Tailored approaches within the statutory frameworks: final assessment as a benchmark for primary and secondary education

The education system is increasingly expected to take account of the differences between school pupils. Schools and teachers can do this in very different ways. The approaches taken by primary and secondary schools must respect the statutory frameworks, which do allow a certain amount of variety. For instance, primary school pupils can perform their final assessments before the eighth school year, and secondary school pupils can sit exams in extra subjects, complete subjects one or two years earlier, or sit exams at a higher level for one or more subjects. In recent years, various proposals have been made to make more variety possible in final assessments.

The Education Council recommends that the statutory frameworks relating to final assessment should not be broadened. In the current education system, the final assessment in primary and secondary education forms an important benchmark. It is necessary to guarantee the fundamental nature of this education and to monitor its quality. Meddling with the statutory frameworks for final assessments will have an impact on the system as a whole. The Education Council envisages a number of risks. Broadening the statutory frameworks could increase social inequality among school pupils and create obstacles to access to and progression within the system. It may also have a detrimental impact on the civil value of diplomas. In other countries, a more flexible approach to final assessment often results in additional requirements and additional testing at the next level of education. In the Dutch system it might motivate and challenge pupils to improve performance, but may also result in a decrease of performance.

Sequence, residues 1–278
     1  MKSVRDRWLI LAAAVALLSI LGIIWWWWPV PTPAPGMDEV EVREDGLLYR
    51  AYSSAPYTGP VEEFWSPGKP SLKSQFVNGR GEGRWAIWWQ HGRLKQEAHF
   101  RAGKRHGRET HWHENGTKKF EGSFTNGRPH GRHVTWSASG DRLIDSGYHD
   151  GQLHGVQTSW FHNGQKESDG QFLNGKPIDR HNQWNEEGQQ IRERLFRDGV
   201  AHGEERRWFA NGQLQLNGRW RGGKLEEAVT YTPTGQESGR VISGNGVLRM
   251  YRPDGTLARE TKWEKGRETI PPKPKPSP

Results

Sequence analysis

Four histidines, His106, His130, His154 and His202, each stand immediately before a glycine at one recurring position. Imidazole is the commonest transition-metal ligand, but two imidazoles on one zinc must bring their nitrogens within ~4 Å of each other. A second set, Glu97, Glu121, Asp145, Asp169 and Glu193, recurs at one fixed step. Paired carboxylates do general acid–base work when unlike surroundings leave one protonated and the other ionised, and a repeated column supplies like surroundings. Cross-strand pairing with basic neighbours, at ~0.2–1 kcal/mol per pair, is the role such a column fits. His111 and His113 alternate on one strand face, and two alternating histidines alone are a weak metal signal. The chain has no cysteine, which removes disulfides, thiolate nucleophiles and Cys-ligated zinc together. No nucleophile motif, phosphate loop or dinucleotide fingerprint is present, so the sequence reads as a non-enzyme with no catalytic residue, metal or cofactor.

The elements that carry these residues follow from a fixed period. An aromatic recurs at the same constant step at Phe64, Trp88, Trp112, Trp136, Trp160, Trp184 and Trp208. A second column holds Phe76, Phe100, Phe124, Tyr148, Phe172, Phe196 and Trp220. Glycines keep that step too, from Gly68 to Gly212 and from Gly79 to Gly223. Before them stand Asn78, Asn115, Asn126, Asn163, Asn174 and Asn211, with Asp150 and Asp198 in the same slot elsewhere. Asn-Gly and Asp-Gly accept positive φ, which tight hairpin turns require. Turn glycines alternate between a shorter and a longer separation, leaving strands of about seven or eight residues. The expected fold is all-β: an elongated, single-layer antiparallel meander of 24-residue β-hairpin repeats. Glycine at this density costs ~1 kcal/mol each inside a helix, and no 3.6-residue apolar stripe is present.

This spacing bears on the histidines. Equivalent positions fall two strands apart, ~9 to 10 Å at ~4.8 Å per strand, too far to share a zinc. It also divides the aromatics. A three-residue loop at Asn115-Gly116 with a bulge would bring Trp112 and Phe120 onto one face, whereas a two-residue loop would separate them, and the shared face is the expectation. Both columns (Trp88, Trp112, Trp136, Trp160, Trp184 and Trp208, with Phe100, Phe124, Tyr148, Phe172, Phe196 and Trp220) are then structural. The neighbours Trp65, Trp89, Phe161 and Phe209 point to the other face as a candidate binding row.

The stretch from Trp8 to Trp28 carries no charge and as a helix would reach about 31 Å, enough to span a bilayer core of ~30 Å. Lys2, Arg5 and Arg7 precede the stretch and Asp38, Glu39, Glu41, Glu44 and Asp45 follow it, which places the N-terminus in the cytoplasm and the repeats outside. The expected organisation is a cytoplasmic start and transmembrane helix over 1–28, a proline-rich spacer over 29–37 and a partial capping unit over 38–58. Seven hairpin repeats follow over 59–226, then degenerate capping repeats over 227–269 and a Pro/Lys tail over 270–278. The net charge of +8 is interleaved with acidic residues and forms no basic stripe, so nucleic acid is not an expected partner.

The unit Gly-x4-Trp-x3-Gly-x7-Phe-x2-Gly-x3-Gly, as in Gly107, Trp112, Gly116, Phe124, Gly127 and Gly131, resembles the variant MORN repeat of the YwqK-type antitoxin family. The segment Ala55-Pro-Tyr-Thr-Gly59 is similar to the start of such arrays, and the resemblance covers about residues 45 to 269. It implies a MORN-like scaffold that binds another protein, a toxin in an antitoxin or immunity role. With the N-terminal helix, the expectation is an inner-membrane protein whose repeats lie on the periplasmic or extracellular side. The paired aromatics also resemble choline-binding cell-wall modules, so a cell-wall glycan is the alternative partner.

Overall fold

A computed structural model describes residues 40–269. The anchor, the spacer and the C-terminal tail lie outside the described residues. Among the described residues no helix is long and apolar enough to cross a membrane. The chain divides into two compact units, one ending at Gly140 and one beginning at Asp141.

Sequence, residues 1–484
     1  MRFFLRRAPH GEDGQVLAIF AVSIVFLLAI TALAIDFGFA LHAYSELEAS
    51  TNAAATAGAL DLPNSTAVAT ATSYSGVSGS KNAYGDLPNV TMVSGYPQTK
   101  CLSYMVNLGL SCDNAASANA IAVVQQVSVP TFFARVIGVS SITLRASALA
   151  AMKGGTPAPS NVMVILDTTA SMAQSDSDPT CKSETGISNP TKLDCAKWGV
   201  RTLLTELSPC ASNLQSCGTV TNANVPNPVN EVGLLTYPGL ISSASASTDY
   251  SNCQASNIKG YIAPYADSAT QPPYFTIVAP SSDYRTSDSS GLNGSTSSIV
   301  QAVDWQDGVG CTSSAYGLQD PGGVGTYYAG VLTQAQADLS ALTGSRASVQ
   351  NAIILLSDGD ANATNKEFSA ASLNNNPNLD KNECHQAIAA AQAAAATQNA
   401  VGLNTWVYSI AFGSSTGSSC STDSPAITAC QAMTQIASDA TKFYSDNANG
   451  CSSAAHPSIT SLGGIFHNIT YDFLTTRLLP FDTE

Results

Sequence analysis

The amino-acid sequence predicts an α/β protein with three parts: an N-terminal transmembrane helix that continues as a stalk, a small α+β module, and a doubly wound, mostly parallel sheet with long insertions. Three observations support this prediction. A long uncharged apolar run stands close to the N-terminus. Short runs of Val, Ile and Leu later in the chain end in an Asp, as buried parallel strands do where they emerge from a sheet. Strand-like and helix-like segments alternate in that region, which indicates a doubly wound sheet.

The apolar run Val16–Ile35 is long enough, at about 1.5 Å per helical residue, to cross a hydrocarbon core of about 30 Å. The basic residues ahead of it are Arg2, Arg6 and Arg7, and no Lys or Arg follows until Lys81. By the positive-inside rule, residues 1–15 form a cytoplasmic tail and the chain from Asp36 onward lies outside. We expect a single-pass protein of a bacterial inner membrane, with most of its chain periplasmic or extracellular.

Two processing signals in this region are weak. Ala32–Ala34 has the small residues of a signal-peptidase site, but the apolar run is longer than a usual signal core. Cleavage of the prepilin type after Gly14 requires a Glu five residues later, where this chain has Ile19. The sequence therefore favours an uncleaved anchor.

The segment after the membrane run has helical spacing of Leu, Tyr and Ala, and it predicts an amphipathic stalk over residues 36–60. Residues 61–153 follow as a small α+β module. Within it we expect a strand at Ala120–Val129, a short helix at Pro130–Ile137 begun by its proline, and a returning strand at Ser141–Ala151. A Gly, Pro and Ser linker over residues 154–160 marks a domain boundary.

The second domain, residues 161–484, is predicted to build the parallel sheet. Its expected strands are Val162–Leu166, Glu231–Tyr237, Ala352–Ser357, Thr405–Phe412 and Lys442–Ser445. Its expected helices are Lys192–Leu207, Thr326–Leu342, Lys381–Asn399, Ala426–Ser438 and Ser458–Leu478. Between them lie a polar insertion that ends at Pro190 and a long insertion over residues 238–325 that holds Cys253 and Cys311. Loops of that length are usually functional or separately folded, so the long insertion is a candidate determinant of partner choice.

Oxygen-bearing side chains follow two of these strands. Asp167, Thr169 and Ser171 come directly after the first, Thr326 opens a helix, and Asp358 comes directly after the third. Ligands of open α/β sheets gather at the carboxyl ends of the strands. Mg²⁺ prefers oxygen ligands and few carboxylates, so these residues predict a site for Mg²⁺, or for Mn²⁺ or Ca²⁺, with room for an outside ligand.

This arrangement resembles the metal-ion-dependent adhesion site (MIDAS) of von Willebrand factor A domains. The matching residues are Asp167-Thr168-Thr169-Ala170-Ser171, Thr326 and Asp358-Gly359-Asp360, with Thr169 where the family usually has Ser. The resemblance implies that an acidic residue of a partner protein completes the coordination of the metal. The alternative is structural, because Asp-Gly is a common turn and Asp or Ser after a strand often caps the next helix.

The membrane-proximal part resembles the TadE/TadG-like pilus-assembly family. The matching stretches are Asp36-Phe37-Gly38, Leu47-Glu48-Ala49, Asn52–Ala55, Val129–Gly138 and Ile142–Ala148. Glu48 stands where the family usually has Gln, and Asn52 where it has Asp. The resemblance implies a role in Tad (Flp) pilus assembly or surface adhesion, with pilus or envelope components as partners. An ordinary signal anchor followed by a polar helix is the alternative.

The Education Council believes that it is important that teachers and schools take account of the differences between pupils. The Education Council has observed that schools have a great deal of leeway within the statutory frameworks for final assessment to cope with the differences between pupils. The fact that schools have so far made relatively little use of this scope is partly due to real, practical considerations. Obstacles within the system include: uncertainty about the way the next level of education values extra efforts by the pupil (i.e., extra subjects, subjects at a higher level), , mismatches between the curricula of differing school types, organisational complications, and high demands on the capacity of teachers to differentiate. Broadening of the statutory frameworks for final assessment would not remove any of these obstacles.

The Education Council emphasises that little knowledge is available on the possible consequences of a further broadening of the statutory frameworks for final assessment. As a result, the risks are unknown. With this advisory report, the Education Council warns against making ill-considered and rushed changes to the system.